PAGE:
For simplicity, dividends are not included in the returns, and this is offset by the cash portfolio not being invested in bonds. One of the reasons for simplicity is that this is not meant to be a research piece on how we should invest, but rather just to give a sense of what investing looks like in reality, with an appreciation of its worst-of-times where being fully invested over 15 years can approach the gains obtained by simply doing nothing (can you stomach that?).
Summary of findings:
- For the past 30 years, the difference between being invested vs doing nothing is only evident in the 12-year super bull run of 2009-2020
- Before that (from 1990 to 2008) any gains were largely wiped out by the downturns of the 2000 and 2008 (depending on when you started)
- DCA introduces more risk because it stays fully invested throughout, but yields better total returns; the Sharpe however is slightly lower than the buy-the-dip strategy (but the different is not big and retail investors like us rarely care for such a small difference in Sharpe; total returns to us is more of a priority)
- Comparing dollar-cost-averaging and buy-the-dip: in very bad downturns (2008), the decades of gains using the DCA can be easily wiped out, and strategy total returns can be the same as BTD
- Depending on when you started, the drawdowns have different impact (how much strategies 1 and 2 loses compared to the all-cash portfolio)
What this means:
- Widen your range of expectations for future market returns (next 30 years), as we don't know if we can get the same 12-year bull run we had. Be prepared that investment returns may not be as good for the next 20 years or so.
- There is no universal strategy that is better - see below charts to get a sense of the variabiliy of 'which strategy is better' - see how starting at different times can change your conclusions. That's just one variable; others are: initial capital, how to BTD, and most importantly what is the magnitude of the next bull run.
- Stay invested anyway - the degree to that (full DCA or BTD) is up to you - your psychological comfort and anticipated circumstances
- Start with $10,000 cash, immediately invest to the target equity ratio (e.g. 70% equity)
- Daily inflow of $50; if DCA, invest immediately, if not, save it for the next dip
- If actual equity ratio is higher than target equity ratio, wait for next market recovery (makes new all-time-highs) to unwind (sell) equity positions at a rate of 0.1% of entire equity portfolio every day, and stop unwinding if market dips down again (back to buying mode)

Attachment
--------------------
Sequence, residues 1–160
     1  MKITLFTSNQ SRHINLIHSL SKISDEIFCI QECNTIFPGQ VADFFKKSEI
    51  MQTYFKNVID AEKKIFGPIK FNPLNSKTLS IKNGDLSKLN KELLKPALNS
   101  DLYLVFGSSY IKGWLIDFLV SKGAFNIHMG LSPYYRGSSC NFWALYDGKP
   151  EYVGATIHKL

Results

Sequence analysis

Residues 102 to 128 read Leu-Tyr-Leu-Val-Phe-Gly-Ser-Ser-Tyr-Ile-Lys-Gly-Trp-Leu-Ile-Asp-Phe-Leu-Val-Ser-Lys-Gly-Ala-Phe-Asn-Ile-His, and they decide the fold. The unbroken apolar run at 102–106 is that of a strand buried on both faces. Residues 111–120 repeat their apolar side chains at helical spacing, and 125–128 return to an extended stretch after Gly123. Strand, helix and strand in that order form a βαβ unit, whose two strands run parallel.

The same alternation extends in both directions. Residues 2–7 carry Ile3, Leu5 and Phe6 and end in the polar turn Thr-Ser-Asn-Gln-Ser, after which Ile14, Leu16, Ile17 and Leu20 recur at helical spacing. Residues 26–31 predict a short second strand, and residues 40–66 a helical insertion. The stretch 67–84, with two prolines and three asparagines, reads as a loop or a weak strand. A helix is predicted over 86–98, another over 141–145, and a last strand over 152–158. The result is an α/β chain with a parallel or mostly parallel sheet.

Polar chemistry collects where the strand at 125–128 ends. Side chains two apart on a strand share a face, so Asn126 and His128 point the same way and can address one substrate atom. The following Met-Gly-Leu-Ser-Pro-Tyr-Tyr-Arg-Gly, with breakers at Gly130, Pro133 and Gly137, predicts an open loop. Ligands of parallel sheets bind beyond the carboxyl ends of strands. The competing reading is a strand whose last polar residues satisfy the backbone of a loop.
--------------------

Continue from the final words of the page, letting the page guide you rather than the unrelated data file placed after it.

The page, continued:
- Charts start at 1990, 1995, 2000, and 2005
Grey line: dollar-cost-averaging strategy
Black line: total portfolio value of equities (blue) and cash (dark green)
Lime green line: cash-only portfolio
Notice how all 3 strategies go back to square 1 in 2008
Now, both equity strategies fare worse than cash in 2008 just because we started 5 years late
A worse picture
Needles to show starting at 2010 - would have been spectacular
This market downturn has taught me some things.
First, don't do bargain buys in any part of the bull cycle. I had to cut a few of these positions because the downturn was like a refining fire - only the good ones recover - the bad ones keep going down. Bargain buying in a bull cycle is tempting because everything else looks expensive, and there's thing hunt for yield / returns. But it's only a matter of time before the fire burns away the dross, leaving only the pure elements. It's more important to buy strong companies (even if they're expensive) rather than bargain buy weak companies (hoping they will yield a higher % return).
Second, percentage returns for the rallies are misleading - e.g. "oil is up 50% from its lows". It's not uncommon to see severely beaten down stuff rally in double digits, leading you to think you should have bought beaten down stuff. But we often forget we can hardly ever pick the bottom, and so these returns are only relevant to the minority who did catch the bottom. For the rest of us, we are likely to have endured some double digit drawdown, before seeing some double digit rally (from the bottom), leaving our position pretty much near breakevent.
Third, think carefully and clearly on the next steps. This is a WIP as I consider whether I should bet big on a down move, or start putting money back into equities. We have to give ourselves the leeway to be wrong about things. Some decisions are psychologically more difficult than others (e.g. make a bear call while it's rallying, and missing a once-in-a-decade opportunity to buy), but I have to weigh things out as I best can, and make the mental decision and not waver. Rigour is not always rewarded - accept that. Be content that you've made your best decision, regardless of outcome.